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Replacing an Element Using a Slice OR Slice and Dice - Perl

People love lists. Everywhere you look you see them. On magazines, on television. They're everywhere; you can't escape. In this article and the ones that follow, I am going to teach you to blend in with the crowd by using Perl to create lists, multidimensional lists, and hashes, and furthermore, I'll show you how to manipulate each of them.

TABLE OF CONTENTS:
  1. Perl: Sailing the List(less) Seas
  2. Printing Specific Elements
  3. Slices
  4. Replacing an Element Using a Slice OR Slice and Dice
By: James Payne
Rating: starstarstarstarstar / 2
March 17, 2008

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One method for replacing an element with another element is to use a slice, as demonstrated in the following example. Let's say that Nitro got mad because his mullet got pulled one too many times and he decided to quit. The crew at Gladiators interviewed a bunch of muscles and decided to go with a five foot four, 300 pound guy with a napoleon complex named Glutious-Minimus. Now they would have to add him to their list and remove Nitro, like so:


#!/usr/bin/perl

@gladiators=('Nitro ', 'Blaze ', 'CountFistula ','TheNutcracker ');

$gladiators[0] = "Glutious-Minimus ";

print @gladiators;

This code does what we set out for it to do: remove Nitro and insert Glutious in his position. If we had said $gladiators[1], then it would have replaced Blaze, and so forth.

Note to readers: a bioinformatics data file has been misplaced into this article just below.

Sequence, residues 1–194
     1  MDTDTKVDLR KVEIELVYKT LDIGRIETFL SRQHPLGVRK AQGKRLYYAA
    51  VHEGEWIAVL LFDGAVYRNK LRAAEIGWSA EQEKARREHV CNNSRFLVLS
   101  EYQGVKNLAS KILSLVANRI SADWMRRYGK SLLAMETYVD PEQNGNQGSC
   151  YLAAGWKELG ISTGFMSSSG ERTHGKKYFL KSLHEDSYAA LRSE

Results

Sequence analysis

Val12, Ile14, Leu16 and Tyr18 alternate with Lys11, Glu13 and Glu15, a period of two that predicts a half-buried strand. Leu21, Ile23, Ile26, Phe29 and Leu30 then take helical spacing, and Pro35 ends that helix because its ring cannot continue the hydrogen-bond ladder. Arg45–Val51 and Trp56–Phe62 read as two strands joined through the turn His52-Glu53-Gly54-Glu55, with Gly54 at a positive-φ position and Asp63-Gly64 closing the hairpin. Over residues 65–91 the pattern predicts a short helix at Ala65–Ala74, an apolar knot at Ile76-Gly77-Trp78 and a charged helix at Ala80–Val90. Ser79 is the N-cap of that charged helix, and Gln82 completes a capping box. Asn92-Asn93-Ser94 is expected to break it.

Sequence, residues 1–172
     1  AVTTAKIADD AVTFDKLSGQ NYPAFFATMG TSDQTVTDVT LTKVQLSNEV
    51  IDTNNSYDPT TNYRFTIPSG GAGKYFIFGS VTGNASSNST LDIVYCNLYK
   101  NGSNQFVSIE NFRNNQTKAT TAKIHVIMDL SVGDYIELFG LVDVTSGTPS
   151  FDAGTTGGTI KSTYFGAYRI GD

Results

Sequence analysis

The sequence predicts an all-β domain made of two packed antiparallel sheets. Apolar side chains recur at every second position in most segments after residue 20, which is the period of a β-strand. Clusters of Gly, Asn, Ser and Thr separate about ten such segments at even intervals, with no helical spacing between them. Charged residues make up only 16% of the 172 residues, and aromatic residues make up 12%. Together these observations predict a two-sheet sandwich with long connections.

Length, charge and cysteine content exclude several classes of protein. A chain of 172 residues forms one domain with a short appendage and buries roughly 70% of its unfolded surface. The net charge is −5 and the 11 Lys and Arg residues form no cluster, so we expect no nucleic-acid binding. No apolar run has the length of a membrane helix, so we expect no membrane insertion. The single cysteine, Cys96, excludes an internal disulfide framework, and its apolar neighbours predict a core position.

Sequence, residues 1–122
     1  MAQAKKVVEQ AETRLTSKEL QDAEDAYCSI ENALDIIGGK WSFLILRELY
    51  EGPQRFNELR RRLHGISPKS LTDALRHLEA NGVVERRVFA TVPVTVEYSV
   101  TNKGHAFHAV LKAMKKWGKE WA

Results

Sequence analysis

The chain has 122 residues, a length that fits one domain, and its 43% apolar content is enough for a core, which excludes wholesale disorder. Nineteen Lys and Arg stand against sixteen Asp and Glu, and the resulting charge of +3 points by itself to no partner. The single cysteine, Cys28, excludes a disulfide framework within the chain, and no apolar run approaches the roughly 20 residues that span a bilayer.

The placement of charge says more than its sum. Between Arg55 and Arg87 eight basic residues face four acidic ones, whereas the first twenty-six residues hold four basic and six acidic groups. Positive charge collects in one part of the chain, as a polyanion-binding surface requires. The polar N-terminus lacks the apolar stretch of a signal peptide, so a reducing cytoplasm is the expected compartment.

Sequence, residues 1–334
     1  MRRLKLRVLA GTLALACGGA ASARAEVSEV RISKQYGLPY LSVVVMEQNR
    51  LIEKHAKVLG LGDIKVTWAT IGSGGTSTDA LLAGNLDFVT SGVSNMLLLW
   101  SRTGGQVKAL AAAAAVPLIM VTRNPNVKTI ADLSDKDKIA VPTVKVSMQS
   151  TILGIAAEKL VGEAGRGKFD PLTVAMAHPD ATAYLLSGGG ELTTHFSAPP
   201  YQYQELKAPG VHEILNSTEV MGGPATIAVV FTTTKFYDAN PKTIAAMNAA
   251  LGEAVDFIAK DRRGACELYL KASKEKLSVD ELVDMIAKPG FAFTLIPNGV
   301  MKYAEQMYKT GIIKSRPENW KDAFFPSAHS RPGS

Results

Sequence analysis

Here is the result:

  Glutious-Minimus Blaze CountFistula TheNutcracker

But what if Nitro didn't quit and the Gladiators just wanted to expand, and hired on our wee friend Glutious? We can add him using the same method; just append him to the end of the list, like so:


#!/usr/bin/perl

@gladiators=('Nitro ', 'Blaze ', 'CountFistula ','TheNutcracker ');

$gladiators[4] = "Glutious-Minimus ";

print @gladiators;

Now we have the result:

  Nitro Blaze CountFistula TheNutcracker Glutious-Minimus

And finally, if we want to leave space for another gladiator and don't want to append them to the end, we don't have to assign Glutious to position four at all. We could put him at five, six, or whatever position we like. Here, we will put him in position five, leaving four open:


#!/usr/bin/perl

@gladiators=('Nitro ', 'Blaze ', 'CountFistula ','TheNutcracker ');

$gladiators[5] = "Glutious-Minimus ";

print @gladiators;

When you print this out, you cannot tell that four is open. But what if we use our element counter from before?


#!/usr/bin/perl

@gladiators=('Nitro ', 'Blaze ', 'CountFistula ','TheNutcracker ');

$gladiators[5] = "Glutious-Minimus ";

print $#gladiators;

As you can see, this will print out 5, which isn't really the amount of elements in the array. Remember, when using this method it simply gives you the last numbered element, not the real number of elements in the array.

Well that's it for this article. In the next one we will cover some more ways to work with lists and likely delve into hashes as well. So drop by often.

Till then...



 
 
>>> More Perl Programming Articles          >>> More By James Payne
 

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